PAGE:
> > avaliable
> > > >> volunteers.
> > > >
> > > >
> > > > I used projects below 65k articles as an example, as the chance of
> > > > competing articles are pretty low.
> > > >
> > > > 5) With respect to "paying per word" the problem is this would
> require
> > > >> significant checks and balances to make sure people are taking the
> > work
> > > >> seriously and not simple using Google translate for the 70 or so
> > > languages
> > > >> in which it claims to work. We often had translations undergo a
> second
> > > >> review and the volunteers at TWB have to pass certain tests to be
> > > >> accepted.
> > > >
> > > >
> > > > I'n my original email I wrote "verified good translators". It is as
> > > > simple as "Has the editor contributed other articles at the project?"
> > > >
> > > > On Sat, Feb 24, 2018 at 2:26 PM, James Heilman <[hidden email]>
> > wrote:
> > > >
> > > >> We learned a few things during the medical translation project which
> > > >> started back in 2011:
> > > >>
> > > >> 1) You must start with high quality content and thus all articles
> are
> > > >> extensively improved before being proposed for translation.
> > > >>
> > > >> 2) A lot of languages want "less" content than is present on EN WP.
> > Thus
> > > >> we
> > > >> moved to just improving and suggesting for translation the leads of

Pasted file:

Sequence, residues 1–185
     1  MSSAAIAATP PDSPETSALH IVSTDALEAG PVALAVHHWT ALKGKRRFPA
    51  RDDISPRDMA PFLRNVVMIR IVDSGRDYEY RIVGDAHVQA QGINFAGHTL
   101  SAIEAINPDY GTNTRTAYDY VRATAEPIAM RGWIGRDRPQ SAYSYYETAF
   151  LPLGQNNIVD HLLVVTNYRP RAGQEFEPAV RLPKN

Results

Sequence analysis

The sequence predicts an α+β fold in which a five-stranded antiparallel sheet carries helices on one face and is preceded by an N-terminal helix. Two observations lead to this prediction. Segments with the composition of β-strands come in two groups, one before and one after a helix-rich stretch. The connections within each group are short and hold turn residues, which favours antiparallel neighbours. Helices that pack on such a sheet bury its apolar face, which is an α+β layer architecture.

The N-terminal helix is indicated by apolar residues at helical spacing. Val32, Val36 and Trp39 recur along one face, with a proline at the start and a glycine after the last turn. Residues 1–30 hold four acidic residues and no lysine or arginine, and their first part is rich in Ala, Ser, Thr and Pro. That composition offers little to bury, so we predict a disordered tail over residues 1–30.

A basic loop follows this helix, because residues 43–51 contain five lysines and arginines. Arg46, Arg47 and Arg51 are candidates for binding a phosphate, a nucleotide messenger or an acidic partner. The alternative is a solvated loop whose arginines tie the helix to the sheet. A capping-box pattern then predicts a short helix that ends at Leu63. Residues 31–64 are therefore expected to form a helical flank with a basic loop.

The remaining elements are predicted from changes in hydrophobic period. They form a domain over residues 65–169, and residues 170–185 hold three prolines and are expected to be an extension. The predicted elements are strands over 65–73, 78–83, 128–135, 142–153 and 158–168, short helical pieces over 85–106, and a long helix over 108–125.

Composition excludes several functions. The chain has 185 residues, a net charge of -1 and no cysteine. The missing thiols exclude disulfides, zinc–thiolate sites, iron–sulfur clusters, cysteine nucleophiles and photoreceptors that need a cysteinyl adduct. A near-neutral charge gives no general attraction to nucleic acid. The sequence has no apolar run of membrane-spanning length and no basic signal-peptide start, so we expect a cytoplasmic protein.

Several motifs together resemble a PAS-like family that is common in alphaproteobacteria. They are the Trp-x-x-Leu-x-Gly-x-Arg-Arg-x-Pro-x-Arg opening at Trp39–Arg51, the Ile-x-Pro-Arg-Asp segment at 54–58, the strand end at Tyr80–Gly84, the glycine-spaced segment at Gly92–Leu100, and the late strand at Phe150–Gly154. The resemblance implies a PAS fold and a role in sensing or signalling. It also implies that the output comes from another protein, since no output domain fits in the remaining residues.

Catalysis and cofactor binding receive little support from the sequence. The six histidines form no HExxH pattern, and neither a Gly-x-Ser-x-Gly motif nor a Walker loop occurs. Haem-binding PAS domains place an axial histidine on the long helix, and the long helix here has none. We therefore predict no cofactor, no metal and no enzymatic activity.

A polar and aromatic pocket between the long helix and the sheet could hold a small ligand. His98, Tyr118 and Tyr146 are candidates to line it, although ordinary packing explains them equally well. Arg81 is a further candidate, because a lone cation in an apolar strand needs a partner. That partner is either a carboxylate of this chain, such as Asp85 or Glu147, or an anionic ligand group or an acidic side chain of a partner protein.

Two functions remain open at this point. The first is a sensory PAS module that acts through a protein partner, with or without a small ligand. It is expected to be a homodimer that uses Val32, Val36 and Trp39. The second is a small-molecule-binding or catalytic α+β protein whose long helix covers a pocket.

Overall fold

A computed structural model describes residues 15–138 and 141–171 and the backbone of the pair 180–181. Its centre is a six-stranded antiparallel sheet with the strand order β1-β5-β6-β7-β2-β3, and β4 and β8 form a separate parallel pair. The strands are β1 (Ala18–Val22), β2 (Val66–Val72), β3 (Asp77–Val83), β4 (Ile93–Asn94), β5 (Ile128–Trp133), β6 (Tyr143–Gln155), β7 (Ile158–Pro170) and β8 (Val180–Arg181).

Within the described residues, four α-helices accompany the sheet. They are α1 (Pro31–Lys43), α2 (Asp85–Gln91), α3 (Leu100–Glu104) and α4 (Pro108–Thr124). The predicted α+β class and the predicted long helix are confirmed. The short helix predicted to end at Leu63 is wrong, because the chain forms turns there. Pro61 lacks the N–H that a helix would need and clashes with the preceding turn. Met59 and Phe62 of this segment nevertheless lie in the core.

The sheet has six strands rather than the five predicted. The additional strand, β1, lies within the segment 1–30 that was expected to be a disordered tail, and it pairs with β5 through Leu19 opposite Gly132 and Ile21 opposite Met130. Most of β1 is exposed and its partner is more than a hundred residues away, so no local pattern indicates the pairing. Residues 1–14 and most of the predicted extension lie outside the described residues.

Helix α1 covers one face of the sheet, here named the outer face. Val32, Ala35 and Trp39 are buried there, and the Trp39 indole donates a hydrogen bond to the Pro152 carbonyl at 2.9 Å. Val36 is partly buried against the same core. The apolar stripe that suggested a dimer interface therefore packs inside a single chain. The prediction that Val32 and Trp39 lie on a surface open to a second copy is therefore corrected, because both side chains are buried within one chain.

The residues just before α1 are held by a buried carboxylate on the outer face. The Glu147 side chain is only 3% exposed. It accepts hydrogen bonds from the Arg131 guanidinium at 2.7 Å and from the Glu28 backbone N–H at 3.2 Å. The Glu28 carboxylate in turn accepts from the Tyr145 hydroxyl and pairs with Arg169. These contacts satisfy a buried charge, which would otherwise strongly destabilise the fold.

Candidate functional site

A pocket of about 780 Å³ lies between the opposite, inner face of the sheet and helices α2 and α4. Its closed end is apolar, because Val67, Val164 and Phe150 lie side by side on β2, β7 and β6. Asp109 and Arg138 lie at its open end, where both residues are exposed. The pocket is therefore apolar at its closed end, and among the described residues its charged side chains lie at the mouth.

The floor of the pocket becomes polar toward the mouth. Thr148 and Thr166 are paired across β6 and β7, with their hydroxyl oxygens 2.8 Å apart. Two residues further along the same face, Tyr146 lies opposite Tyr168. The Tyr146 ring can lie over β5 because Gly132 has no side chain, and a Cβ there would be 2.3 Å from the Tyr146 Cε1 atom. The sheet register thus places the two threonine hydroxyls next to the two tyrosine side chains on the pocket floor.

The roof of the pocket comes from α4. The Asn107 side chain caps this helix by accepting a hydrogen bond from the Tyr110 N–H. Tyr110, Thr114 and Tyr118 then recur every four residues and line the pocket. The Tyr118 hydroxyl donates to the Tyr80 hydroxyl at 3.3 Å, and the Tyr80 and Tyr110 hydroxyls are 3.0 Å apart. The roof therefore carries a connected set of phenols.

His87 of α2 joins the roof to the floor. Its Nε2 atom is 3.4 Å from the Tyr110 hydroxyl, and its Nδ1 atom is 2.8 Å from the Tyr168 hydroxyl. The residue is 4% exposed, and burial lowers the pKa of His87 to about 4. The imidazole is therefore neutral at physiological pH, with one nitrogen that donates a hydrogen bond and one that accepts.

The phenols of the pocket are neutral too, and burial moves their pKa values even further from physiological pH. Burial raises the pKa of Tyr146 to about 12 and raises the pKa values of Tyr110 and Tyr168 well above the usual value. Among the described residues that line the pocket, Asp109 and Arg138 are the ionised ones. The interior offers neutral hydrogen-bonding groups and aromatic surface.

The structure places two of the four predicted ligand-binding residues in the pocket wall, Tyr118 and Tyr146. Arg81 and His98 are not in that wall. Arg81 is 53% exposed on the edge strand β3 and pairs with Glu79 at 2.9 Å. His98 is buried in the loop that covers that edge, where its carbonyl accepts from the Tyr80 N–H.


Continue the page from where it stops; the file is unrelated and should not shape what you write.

> > the
> > > >> English articles.
> > > >>
> > > >> 3) The "Content Translation" tool developed by the WMF made efforts
> > more
> > > >> efficient than handing around word documents. Would love to see that
> > > tool
> > > >> improved further such as having it support specific lists of
> articles
> > > that
> > > >> are deemed ready for translation by certain groups. Would also love
> > the
> > > >> tool to have tracking metrics for these types of projects.
> > > >>
> > > >> 4) We used volunteer translators mostly associated with our partner
> > > >> Translators Without Borders. One issue we found was that languages
> in
> > > >> which
> > > >> their are lots of translators such as French, Spanish, and Italian
> > there
> > > >> is
> > > >> often already at least some content on many of the topics in
> question.
> > > The
> > > >> issue than becomes integration which needs an expert Wikipedia. And
> > for
> > > >> languages in which we have little content there are often few
> > avaliable
> > > >> volunteers.
> > > >>
> > > >> 5) With respect to "paying per word" the problem is this would
> require
> > > >> significant checks and balances to make sure people are taking the
> > work
> > > >> seriously and not simple using Google translate for the 70 or so
> > > languages
> > > >> in which it claims to work. We often had translations undergo a
> second
> > > >> review and the volunteers at TWB have to pass certain tests to be
> > > >> accepted.
> > > >>